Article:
• Conduct a regular audit for a subset of the files each year.
  • Change the business rules (or metadata which is also called ‘data
    about data’) as required through the use of proper software.
  • Make sure the updated information is disseminated to the rest of
    company, particularly to the customer-facing employees.

Intelligence Ownership

Last month, we discussed the importance of assigning an owner to each
business process, whether customer-facing or analytical. The same holds
true for categories or portfolios of customer intelligence. A person(s)
or process owner(s) within the company must be responsible and accountable
for facilitating the data maintenance process. If this ownership is not
established, things will fall through the cracks result in poor decision-making.

Many companies create a formal or informal matrix structure, particularly
when similar business processes (rather than functional areas) are used
for different customer portfolios. A matrix organization chart can have
process managers on one side and customer managers on the other side.
This works well when the intelligence captured is done within the business
processes. Some companies have taken it a step further and defined customer
intelligence teams or committees to monitor intelligence quality for specific
customer groups.

Rewards and Incentives for Performance Management

One of the challenges in maintaining customer intelligence is figuring
out how to motivate and compensate employees for keeping information up-to-date.
Employee performance is driven by the criteria used to measure results.
If a sales rep’s success is measured by new revenues from new customers,
will he or she focus any attention on retaining existing customers? The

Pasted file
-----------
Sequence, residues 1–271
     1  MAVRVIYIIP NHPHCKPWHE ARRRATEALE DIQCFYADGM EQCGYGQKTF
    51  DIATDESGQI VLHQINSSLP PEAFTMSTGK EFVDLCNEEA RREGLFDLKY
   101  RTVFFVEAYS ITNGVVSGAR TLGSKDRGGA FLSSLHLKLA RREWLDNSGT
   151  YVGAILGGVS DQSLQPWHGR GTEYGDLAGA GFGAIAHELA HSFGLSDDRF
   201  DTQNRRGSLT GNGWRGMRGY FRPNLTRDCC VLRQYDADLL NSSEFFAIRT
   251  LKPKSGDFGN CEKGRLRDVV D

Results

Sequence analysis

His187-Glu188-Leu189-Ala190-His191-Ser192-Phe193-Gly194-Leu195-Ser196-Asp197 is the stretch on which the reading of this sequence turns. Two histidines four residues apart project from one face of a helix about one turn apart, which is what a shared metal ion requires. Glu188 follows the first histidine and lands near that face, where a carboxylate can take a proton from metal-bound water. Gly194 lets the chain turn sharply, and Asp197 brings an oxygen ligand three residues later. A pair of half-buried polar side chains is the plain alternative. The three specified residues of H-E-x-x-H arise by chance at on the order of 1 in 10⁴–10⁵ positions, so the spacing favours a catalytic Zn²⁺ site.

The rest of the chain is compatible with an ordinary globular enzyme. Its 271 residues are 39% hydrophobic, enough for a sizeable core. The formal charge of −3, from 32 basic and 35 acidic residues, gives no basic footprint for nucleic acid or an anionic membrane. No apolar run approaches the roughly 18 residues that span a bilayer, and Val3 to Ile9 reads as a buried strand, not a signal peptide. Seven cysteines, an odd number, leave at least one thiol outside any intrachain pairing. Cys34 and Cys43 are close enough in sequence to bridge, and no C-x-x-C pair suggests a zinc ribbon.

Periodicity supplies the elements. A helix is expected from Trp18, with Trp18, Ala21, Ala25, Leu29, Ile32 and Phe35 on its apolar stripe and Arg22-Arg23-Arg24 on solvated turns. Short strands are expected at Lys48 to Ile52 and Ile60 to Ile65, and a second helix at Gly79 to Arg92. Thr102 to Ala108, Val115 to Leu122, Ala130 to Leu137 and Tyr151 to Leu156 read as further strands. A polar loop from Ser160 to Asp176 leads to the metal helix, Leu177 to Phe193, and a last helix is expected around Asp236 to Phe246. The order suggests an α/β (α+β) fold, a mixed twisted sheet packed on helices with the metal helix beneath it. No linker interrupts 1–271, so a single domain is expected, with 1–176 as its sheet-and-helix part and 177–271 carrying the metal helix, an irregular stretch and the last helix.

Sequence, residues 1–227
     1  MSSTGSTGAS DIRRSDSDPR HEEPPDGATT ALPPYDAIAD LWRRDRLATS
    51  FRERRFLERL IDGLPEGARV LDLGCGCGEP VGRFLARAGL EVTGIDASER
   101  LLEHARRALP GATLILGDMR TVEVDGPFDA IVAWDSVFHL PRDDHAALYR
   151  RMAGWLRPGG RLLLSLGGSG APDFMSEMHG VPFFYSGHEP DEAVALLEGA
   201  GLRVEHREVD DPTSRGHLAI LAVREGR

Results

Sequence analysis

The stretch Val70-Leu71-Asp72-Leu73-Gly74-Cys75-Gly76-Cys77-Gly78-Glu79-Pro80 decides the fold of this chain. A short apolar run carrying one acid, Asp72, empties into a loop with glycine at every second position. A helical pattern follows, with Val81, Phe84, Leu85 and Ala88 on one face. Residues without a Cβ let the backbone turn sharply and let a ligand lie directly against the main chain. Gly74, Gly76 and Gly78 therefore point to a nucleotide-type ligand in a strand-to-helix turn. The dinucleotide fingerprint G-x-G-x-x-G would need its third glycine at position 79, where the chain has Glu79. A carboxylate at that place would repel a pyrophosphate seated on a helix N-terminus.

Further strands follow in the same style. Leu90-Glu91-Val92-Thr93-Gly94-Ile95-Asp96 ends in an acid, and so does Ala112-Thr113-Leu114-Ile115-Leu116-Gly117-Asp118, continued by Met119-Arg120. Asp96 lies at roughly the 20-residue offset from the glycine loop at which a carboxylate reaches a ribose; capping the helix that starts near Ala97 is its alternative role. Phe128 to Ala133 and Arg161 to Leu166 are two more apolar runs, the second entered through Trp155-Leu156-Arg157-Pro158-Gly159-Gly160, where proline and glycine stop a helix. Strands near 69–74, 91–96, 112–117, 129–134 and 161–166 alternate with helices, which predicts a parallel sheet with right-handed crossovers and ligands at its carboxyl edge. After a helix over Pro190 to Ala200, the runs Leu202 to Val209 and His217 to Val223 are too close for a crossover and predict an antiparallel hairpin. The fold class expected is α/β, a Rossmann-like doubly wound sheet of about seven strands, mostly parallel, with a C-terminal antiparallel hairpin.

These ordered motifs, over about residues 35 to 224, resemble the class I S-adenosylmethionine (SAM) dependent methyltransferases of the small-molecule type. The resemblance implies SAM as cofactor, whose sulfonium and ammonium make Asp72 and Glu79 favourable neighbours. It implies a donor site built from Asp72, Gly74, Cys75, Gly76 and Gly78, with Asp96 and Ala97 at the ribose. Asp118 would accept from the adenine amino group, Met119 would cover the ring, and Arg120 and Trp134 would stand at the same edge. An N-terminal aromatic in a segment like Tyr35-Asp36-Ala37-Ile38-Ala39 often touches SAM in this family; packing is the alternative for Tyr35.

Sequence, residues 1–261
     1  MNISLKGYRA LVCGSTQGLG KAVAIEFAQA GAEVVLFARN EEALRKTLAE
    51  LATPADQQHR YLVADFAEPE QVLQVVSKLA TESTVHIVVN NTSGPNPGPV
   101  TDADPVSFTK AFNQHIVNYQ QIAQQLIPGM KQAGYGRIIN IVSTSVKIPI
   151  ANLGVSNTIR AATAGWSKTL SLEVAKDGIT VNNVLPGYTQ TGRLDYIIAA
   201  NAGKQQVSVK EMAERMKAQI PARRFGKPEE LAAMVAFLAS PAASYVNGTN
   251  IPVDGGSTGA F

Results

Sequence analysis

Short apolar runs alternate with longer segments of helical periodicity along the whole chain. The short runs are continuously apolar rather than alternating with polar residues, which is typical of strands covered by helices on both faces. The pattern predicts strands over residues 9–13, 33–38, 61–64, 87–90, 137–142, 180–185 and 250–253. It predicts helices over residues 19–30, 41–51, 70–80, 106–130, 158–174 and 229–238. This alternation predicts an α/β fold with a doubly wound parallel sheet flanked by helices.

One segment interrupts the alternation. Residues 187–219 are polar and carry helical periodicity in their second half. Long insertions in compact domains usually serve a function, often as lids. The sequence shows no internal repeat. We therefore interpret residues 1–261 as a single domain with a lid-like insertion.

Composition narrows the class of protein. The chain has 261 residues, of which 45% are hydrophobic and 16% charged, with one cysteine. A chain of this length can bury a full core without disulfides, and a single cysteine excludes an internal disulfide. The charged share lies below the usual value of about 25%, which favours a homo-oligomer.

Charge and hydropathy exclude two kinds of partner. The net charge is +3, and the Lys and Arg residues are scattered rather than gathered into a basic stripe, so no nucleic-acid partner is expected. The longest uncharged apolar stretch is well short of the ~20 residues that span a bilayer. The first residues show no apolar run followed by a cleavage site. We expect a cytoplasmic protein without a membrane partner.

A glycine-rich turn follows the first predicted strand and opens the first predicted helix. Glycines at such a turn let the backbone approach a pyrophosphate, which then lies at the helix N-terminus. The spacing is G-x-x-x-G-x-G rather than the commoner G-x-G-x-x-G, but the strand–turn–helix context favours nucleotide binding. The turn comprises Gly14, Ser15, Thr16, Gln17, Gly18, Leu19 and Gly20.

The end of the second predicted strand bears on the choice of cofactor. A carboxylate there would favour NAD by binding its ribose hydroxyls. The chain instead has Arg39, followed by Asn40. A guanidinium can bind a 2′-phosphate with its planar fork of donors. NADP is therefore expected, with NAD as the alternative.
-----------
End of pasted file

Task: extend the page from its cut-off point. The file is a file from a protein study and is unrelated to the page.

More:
reality is that sales compensation programs usually go against the customer
retention or loyalty philosophy. Compensation programs for operational
areas normally focus on productivity increases rather than customer value.
If customer retention and profitability are key CRM objectives for your
company, then you must establish CRM metrics and compensation and incentive
programs that reinforce the new intelligence capturing and maintenance
behaviors.

Best practice companies have incorporated reward and incentive programs
into the performance appraisal process by:

  • Modifying job descriptions to include the specific behaviors and
    actions employees must display in order to achieve the CRM objectives.
  • Training employees on the new CRM-focused activities.
  • Working with HR to develop appropriate customer-based compensation
    and reward systems.
  • Developing recognition programs for accuracy and validity of customer
    intelligence.
  • Creating career progression programs focused on the achievement of
    customer-centered objectives.

Dr. Nancy Rauseo is on the faculty of Florida International
University’s College of Business Administration where she teaches
marketing. Nancy holds a Bachelor of Science in Industrial Engineering
from Purdue University and an M.B.A and Ph.D. from Nova Southeastern University.
Prior to her teaching career, she held various senior management positions
for over 20 years in the areas of sales, marketing and technology implementation.
Dr. Rauseo is also Instructor for FIU’s Professional Certification
Program in CRM. For more information, visit: http://business.fiu.edu/epe/crm.cfm